Your corporate video audience has become mobile
Corporate video presentations have been around since the early 1980’s but they didn’t become a phenomenon until the late 1990’s when costs for video productions became more affordable.
However, corporate videos are far from becoming a commodity. The reason is because many corporate video productions are actually pretty bad. As I stated in previous blog posts, an audience in 2014 expects a top-notch media presentation that is professionally produced. Your corporate brand depends on it. For example, if you open a sales conference with an impressive video production it’ll set you apart from other businesses and organizations right from the start!
Here are four mistakes you should never make in your corporate video:
Mistake 1: Uninspiring Script Development and Storyboarding
Script development is as important as ever. Too many videographers and filmmakers want to rush out on location and start filming before the concept or idea has been thoroughly thought out and written down. The excitement of a new corporate sales video is palpable for both the client and the video production company but the written word must come first. Not only is script writing the first step in the video production, but also it must be done around an inspiring concept and idea. The script should be informative but also entertaining. You want people to talk about the video, share it, and watch it again.
Spend time developing a script and if you don’t have an in-house copywriter feel free to give us call, we work with several very talented scriptwriters.
Mistake 2: Boring Visual Style
Encoding your existing PowerPoint slideshow and using it as your corporate video presentation is not a good idea. The modern audience is fairly tired of seeing the same familiar template effects – they expect more. In fact, it requires more to keep them engaged and interested.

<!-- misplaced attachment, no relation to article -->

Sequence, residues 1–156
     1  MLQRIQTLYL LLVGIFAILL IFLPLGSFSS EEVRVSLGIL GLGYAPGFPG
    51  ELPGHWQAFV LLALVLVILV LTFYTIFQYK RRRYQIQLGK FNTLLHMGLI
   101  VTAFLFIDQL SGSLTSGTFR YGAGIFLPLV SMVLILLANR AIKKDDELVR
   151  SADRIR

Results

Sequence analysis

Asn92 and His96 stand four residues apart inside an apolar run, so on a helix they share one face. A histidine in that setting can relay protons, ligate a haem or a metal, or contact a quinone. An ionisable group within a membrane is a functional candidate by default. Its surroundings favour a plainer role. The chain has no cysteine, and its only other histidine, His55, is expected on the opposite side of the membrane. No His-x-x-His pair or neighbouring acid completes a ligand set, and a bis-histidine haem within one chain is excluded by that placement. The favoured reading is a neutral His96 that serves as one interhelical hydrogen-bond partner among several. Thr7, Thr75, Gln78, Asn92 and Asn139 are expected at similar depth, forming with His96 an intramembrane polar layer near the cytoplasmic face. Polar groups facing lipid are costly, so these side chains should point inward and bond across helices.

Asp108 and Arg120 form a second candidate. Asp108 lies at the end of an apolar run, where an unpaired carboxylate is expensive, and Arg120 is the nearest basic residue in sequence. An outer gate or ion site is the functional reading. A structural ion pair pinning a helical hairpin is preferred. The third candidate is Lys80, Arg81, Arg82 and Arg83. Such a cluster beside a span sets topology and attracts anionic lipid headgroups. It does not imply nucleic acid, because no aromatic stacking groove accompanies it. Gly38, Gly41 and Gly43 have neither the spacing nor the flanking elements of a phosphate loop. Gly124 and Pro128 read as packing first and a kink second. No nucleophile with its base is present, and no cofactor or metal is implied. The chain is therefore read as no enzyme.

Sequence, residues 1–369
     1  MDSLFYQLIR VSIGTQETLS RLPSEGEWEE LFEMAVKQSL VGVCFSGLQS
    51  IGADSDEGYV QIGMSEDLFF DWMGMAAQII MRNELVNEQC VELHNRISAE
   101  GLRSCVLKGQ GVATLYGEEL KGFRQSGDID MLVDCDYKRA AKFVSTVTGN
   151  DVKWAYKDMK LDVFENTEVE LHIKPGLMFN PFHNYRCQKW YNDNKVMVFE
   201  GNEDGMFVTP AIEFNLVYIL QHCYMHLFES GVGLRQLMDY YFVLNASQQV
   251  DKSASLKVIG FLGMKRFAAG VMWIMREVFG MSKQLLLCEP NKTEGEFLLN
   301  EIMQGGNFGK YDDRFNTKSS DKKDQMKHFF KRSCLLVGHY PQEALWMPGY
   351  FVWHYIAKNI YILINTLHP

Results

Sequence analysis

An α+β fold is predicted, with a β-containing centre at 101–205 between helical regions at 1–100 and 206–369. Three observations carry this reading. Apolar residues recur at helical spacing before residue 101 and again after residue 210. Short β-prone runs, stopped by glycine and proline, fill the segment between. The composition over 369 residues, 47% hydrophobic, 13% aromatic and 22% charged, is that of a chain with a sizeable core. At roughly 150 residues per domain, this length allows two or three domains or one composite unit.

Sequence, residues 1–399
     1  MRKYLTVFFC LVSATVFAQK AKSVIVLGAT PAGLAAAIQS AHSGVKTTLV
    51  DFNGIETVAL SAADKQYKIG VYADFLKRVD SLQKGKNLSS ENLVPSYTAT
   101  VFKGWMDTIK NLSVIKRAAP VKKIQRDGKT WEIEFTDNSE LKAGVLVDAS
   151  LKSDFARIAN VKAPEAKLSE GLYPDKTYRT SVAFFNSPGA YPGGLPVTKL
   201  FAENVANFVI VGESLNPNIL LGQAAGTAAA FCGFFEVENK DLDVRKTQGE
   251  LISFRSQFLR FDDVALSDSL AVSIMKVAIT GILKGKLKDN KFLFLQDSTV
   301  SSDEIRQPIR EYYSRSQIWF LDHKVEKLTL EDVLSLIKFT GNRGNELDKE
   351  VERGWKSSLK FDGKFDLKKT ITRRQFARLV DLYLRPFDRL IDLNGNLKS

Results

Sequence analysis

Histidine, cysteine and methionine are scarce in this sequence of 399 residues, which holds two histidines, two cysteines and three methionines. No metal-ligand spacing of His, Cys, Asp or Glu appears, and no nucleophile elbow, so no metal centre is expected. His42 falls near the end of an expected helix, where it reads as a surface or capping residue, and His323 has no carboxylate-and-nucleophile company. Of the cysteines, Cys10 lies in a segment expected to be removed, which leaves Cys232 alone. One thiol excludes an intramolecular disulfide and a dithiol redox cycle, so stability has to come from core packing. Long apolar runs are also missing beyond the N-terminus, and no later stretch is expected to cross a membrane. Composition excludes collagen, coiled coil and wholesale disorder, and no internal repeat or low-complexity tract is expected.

The style of your video should be eye-catching, big and bright. Your audience will find that the combination of live action video shoots and motion graphics is lively and enthusiastic. Show footage of your employees and work environment, let people in and show them who you are. People will be much more likely to contact and engage you if they have a chance to get to know you a little better through the video first.
For example, what if you had an animated graph or a pie chart with innovative 3D camera angles to share data with your audience? Wouldn’t that be more interesting than a flat, boring slide? Also, animated explainer videos are fun and informative whether the video includes a whiteboard animation or character animation. (For examples feel free to view our video portfolio.) Be lively and exciting – your audience will appreciate it and they expect it. Make yourself memorable; don’t be afraid to stand out.
Mistake 3: Using a Dated Music Track
All corporate video productions require a music track; very (very) few will not have one. Music is critical in establishing an emotional tone and feel. Often the music is subtle, perhaps hardly detectable and sometimes it is more pronounced. Not only is a music track critical but also it must be a contemporary style and match your corporate brand and identity. Choose a track that’s upbeat and leaves the audience feeling good. Don’t choose a track that’s too epic or grand because it can leave the audience down or confused. Music tastes change constantly; therefore, develop an awareness of modern sounds.
Mistake 4: Forgetting About Your Mobile Audience
If you present your corporate video at a sales conference and later for online viewing then remember your mobile audience. We still see a significant amount of video players and websites that are not properly optimized for mobile viewing. Your audience has gone mobile and they view your videos from smartphones and tablets. In fact, the mobile video audience is watching more videos, and they are watching each video longer. For many businesses, the mobile audience watching their videos can range between 30%-50%.
Before I conclude this post, a quick note on DVD distribution. If you are still sending out DVDs then be aware that the DVD viewing audience is rapidly shrinking and your video may not be watched if DVDs are your primary delivery method. Your audience is online!
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